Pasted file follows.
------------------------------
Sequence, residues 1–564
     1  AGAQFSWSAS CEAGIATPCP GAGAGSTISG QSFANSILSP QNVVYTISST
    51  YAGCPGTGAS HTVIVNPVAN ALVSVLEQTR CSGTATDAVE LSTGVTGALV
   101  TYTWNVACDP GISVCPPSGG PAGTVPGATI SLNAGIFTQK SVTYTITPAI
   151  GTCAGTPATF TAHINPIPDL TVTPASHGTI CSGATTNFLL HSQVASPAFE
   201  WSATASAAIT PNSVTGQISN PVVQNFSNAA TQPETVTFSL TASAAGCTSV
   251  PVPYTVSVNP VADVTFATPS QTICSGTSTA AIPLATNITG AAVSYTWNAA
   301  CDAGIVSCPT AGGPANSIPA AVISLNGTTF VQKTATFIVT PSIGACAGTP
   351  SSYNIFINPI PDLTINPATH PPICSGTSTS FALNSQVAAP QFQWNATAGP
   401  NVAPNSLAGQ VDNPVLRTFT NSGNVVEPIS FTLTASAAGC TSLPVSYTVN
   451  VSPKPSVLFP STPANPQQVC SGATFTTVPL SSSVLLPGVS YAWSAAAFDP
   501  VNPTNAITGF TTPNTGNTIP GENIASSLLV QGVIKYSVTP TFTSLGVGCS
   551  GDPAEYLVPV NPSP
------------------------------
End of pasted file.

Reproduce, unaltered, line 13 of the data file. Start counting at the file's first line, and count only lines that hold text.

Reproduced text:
   551  GDPAEYLVPV NPSP